Organizers said last at the time that a “pretty significant amount” of precipitation would be needed to raise the river’s water levels in time for the event.

          The celebration last year was partly saved by a nonprofit that lent the event’s organizers six handmade, 12-foot rowboats that could be used in low-water level conditions.

          The Associated Press contributed to this report.

          George Soros: Billionaire philanthropist the far right loves to hate

          George Soros rarely shrinks from controversy and has identified with liberal and even radical causes in the US.

          George Soros rarely shrinks from controversy and has identified with liberal and even radical causes in the US.

          (CNN)When the Financial Times pronounced Wednesday that the philanthropist George Soros was its “Person of the Year,” Twitter ignited with partisan congratulation and animosity.

          The announcement seemed to sum up 2018: an elite, metropolitan and global publication honoring a man loathed by populist, nationalist and indeed anti-Semitic adversaries.
          The FT described the 88-year old Soros as “the standard bearer of liberal democracy and open society,” which is precisely why populists love to hate him. One tweet said the FT’s definition of liberal democracy was “aka one world government under globalist socialism.”
          Since 1979, the Hungarian-born billionaire has poured $ 32 billion of the money he made as a hedge-fund manager into liberal, democratic causes through his Open Society Foundations. Even before the fall of the Berlin Wall, he was sending copy-machines to Hungary to help the sprouting reform movement.
            In the US he has supported liberal causes, such as the American Civil Liberties Union, and he’s delved into the partisan snake-pit. He used millions of his own money in 2004 to try to prevent the re-election of George W. Bush, telling the New Yorker that Bush was “just chosen as a figurehead, an acceptable face for a sinister group” that ran his administration.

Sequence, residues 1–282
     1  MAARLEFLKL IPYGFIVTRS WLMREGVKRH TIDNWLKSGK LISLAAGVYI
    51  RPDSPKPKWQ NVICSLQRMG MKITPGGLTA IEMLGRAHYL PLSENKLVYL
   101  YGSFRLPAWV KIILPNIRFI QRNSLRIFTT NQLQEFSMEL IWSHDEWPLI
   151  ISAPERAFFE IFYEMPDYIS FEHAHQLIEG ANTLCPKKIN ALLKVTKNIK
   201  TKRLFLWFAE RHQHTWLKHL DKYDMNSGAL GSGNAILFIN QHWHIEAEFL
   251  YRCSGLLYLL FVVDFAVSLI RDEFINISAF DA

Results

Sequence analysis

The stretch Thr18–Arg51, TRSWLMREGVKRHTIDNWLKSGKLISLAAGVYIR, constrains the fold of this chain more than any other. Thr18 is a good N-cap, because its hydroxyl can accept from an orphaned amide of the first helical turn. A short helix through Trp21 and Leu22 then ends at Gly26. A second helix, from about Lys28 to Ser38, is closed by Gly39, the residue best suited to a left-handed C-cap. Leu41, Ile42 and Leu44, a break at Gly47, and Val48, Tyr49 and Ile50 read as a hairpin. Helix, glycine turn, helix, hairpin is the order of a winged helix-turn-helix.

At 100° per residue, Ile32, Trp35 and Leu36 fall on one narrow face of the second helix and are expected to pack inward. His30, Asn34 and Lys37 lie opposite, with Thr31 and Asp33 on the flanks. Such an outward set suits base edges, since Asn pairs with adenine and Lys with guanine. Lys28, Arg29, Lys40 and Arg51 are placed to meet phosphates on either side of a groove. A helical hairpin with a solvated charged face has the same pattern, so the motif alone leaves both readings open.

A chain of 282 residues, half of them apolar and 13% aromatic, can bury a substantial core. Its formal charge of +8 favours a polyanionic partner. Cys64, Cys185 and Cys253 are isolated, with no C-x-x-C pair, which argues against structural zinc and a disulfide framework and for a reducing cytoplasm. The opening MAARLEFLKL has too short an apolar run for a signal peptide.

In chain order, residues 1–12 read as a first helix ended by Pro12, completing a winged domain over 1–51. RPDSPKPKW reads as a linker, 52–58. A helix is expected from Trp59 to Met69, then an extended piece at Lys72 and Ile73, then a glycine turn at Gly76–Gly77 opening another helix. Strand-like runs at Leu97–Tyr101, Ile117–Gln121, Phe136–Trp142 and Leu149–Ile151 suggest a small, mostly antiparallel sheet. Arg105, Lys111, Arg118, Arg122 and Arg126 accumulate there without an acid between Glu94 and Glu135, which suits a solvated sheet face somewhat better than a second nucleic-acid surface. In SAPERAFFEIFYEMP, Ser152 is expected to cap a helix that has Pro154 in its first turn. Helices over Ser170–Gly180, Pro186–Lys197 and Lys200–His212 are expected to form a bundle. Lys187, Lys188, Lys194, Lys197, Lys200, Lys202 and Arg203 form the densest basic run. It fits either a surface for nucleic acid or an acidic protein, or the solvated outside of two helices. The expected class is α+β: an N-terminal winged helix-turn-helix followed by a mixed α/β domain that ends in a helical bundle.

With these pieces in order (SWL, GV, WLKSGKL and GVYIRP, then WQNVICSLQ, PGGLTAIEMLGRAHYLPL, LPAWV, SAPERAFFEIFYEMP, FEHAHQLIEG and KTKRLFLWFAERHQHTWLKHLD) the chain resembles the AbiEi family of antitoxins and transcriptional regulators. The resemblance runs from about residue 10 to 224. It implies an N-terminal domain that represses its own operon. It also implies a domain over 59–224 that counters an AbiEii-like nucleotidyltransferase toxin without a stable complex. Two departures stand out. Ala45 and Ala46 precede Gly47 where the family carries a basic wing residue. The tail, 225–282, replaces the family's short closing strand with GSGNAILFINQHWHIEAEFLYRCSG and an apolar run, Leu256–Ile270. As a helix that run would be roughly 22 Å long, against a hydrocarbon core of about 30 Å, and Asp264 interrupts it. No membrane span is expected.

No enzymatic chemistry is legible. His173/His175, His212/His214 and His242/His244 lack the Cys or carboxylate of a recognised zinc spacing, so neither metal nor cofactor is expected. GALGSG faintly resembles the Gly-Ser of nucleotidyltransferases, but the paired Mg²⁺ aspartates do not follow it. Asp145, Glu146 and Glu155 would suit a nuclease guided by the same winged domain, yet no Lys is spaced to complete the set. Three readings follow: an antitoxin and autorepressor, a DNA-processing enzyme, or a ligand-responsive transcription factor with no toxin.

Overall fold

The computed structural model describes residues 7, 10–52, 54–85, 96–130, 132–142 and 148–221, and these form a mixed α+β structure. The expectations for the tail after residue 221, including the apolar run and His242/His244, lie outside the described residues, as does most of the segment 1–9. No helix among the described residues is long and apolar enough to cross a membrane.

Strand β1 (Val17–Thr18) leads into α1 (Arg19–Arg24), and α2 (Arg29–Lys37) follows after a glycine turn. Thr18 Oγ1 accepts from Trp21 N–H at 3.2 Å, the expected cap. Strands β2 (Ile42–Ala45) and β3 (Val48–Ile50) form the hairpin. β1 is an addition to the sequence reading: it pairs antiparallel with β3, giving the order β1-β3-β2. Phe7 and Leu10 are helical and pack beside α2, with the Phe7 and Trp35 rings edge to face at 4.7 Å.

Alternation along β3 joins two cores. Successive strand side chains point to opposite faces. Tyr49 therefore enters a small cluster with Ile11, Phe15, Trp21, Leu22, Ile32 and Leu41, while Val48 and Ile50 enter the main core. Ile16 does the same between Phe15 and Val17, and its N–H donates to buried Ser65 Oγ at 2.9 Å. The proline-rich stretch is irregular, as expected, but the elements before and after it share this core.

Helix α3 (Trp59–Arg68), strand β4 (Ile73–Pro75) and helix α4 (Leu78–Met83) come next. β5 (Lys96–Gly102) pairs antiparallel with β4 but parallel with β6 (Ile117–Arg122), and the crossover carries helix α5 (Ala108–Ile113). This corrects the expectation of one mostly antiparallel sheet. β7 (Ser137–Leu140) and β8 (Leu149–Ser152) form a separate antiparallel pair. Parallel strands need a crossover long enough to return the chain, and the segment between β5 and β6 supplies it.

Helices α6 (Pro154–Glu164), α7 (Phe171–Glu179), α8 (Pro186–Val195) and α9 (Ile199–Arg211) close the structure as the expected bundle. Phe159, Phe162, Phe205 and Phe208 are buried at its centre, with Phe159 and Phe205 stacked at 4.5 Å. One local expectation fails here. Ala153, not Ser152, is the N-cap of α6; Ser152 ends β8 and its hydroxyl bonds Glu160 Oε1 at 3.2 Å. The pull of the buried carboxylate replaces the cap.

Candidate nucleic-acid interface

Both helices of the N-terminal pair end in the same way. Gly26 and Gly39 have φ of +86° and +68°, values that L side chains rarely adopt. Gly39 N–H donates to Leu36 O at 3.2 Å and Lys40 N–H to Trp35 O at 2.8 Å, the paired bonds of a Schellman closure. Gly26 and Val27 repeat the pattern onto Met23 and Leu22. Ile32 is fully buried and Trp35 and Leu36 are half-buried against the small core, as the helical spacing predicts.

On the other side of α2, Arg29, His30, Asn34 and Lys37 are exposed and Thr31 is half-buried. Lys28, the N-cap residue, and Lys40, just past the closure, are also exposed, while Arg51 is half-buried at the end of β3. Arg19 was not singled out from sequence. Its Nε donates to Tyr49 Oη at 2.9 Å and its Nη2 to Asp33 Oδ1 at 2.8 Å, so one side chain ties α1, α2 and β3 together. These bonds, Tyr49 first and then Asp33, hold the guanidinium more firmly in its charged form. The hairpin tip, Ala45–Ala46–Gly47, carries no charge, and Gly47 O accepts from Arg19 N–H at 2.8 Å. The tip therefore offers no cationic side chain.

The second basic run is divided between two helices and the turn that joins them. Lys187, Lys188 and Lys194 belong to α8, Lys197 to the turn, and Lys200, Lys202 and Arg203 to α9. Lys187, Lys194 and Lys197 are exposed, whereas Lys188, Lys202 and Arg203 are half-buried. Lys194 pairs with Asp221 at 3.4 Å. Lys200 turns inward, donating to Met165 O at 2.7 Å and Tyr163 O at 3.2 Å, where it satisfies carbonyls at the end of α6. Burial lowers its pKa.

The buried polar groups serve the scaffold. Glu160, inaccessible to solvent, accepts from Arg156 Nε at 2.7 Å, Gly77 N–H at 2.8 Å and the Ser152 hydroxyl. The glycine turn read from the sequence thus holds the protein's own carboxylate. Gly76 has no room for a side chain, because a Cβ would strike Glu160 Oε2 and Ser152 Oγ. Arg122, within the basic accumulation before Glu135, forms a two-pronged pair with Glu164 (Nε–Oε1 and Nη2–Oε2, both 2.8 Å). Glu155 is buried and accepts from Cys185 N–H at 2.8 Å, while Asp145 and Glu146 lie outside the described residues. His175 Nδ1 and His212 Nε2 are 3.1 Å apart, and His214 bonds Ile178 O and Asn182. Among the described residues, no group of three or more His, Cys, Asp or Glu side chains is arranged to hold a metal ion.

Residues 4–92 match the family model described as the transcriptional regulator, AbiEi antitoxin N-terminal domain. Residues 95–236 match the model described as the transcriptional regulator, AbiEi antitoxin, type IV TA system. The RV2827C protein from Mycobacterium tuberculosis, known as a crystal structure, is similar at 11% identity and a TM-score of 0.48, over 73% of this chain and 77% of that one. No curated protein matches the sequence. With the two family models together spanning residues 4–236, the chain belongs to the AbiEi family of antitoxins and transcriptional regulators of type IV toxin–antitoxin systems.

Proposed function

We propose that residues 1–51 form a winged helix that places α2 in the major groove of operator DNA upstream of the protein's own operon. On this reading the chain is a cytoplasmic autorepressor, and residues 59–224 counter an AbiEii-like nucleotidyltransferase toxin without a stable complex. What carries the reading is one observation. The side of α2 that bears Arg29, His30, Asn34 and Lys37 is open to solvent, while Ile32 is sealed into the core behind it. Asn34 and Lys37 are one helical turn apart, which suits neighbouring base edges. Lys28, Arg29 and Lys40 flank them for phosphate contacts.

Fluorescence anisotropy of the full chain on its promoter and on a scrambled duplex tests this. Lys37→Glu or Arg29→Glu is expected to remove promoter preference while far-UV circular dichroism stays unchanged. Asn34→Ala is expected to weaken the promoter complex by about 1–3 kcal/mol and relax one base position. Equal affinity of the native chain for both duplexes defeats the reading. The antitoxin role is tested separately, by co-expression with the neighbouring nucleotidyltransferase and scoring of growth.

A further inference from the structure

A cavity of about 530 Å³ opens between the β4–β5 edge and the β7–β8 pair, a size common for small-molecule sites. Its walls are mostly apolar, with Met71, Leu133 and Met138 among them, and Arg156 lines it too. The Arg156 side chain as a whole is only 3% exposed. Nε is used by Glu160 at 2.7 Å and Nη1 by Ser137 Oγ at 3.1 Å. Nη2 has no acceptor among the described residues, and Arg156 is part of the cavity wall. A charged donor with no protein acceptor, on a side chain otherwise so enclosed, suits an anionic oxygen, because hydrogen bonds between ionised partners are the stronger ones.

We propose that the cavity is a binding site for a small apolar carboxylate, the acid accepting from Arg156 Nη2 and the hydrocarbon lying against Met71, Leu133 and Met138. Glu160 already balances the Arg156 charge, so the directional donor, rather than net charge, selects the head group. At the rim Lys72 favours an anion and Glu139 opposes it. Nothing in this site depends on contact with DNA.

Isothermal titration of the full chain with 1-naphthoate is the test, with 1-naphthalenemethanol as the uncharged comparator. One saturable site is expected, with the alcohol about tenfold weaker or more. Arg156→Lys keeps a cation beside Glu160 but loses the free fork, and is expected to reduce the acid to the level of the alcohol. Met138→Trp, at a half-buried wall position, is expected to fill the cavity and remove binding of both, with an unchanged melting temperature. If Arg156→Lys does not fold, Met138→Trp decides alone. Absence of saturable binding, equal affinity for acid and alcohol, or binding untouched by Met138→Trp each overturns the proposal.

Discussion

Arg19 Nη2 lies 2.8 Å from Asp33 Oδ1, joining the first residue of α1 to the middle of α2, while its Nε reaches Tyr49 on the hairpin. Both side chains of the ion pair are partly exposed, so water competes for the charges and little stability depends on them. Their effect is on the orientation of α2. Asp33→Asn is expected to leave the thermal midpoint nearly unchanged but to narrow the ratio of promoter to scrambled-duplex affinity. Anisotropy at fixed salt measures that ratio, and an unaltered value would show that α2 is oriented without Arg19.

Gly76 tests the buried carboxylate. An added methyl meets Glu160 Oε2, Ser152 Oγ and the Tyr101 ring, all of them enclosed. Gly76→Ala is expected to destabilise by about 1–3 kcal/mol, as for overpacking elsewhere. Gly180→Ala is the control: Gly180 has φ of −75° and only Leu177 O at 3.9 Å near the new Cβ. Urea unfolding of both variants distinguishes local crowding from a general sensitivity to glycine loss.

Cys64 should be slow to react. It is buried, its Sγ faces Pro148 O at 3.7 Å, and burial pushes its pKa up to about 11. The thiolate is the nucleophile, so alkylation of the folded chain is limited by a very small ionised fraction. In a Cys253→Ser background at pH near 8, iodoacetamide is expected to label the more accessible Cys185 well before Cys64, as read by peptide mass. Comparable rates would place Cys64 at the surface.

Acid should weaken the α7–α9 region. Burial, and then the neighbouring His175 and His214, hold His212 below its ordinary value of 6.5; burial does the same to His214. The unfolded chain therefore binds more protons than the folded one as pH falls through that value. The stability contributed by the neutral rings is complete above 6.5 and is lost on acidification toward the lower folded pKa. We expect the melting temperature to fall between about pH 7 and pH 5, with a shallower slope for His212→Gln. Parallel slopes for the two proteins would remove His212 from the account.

In the past decade Soros has earned the animosity of the emergent “illiberal elite” — Presidents Vladimir Putin and Recep Tayyip Erdogan of Russia and Turkey, and Hungarian Prime Minister Viktor Orban, to name but three. And he’s become the bogeyman of the far right in the United States.
            George Soros is frequently vilified by Russian President Vladimir Putin and Hungarian Prime Minister Viktor Orban.

            George Soros is frequently vilified by Russian President Vladimir Putin and Hungarian Prime Minister Viktor Orban.

            Targeted by the right

            Both in the US and abroad, Soros’s immense wealth (not least through currency trading), his Jewish heritage and patronage of liberal causes have fed conspiracy theories. He is often called a “globalist” by his enemies, one of a cabal involved in a plot to destroy US sovereignty.
            Former Fox News host Glenn Beck has described him as a “puppet-master” aiming “to bring America to her knees financially.”
            Right-wing radio host Michael Savage has told his audience, which averages 10 million listeners, that Soros should be arrested for meddling in elections.
            Little wonder perhaps that Russian troll factories seeking to influence the 2016 US election generated “dozens of posts blaming George Soros for a myriad of complaints across dozens of the right-targeted Instagram accounts and Facebook Pages,” according to a recent report prepared for the US Senate.